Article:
Various methods can be used to collect bacteria samples. The procedure will depend on what is being sampled and the type of data required. One may may be interested in a specific bacterium, in which case the method of sampling should be suitable for the recovery of that specific organism.
Sampling from surfaces
Sampling of bacteria from surfaces is usually performed using sterile swabs. Results from this test could be as simple as presence or absense of the bacterium of interest for example E. coli or Legionella. The test could also be detailed to include the amount of the bacterium present. It’s important to know how to collect samples for these different levels of analysis. If quantification is required, it’s important to swab a known surface area, for example 100 cm square. In this case the results would be expressed as “Number of colony forming units” per unit area.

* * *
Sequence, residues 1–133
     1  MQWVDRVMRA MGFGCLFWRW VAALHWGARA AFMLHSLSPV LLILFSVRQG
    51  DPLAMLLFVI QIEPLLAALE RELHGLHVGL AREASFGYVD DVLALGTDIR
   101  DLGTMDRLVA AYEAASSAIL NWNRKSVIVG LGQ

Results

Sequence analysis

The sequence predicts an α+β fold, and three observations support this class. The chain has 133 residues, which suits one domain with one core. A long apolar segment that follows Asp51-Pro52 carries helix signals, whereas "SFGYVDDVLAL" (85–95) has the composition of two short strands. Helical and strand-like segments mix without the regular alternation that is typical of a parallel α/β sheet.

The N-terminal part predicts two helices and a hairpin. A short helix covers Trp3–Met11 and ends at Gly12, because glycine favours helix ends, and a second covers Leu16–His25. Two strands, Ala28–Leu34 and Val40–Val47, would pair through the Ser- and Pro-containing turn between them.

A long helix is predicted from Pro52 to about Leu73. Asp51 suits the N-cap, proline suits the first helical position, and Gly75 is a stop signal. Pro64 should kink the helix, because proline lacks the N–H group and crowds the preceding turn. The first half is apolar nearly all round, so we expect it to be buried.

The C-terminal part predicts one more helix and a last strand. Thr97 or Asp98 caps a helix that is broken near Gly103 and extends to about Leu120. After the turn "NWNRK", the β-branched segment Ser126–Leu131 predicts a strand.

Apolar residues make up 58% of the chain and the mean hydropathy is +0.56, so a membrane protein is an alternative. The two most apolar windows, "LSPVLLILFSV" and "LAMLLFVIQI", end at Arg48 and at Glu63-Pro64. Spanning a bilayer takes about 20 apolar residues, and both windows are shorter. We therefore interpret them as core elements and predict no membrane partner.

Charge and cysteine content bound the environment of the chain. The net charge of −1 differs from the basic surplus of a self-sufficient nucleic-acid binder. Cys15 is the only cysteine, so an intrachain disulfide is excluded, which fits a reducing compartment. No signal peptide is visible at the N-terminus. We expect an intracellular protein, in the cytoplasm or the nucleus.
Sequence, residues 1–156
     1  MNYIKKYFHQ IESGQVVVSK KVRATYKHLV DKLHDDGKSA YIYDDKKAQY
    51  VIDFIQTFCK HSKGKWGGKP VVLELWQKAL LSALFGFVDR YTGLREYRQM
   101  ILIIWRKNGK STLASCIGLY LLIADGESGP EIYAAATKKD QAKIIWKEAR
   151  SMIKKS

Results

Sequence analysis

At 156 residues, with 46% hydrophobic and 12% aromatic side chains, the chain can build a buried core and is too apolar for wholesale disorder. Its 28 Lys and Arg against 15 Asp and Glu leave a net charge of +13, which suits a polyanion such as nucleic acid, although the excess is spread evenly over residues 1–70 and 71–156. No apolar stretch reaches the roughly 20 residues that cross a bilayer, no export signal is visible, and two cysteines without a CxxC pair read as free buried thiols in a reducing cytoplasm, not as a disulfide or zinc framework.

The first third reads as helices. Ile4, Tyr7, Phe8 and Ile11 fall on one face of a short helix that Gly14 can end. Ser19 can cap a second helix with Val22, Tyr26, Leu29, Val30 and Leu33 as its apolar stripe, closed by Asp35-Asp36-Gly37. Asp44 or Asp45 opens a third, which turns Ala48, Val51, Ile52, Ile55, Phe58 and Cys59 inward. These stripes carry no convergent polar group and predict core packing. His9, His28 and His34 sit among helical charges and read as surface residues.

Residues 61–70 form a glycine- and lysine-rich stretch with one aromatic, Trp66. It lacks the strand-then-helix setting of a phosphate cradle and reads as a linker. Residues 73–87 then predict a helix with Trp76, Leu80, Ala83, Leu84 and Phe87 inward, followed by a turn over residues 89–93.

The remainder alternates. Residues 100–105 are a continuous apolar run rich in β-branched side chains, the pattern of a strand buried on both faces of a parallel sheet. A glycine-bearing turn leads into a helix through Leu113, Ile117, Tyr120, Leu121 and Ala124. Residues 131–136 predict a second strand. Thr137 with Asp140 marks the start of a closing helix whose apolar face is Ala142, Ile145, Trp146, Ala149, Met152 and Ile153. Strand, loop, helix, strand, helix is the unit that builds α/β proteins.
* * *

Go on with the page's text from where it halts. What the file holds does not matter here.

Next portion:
Sampling bacteria samples from the air
To sample bacteria from the air, the air is impacted on some suitable growth media. The media to use will be determined by the type of bacteria being sampled for. If one is interested on a specific type of bacterium then a media that is selective for that bacterium should be used. To sample for the general population of bacteria in the air, then a media that can support the growth of many types of bacteria such as tryptic soy agar (TSA) should be used. Results are given as colony forming units per cubic meter of air.
Sampling for bacteria from water
Testing water for bacteria involves collecting a water sample in a sterile container and sending it to the lab for testing. The test results may just indicate the presence/absence of the bacterium of interest or may be detailed to include the amount present in terms of colony forming units per mililitre.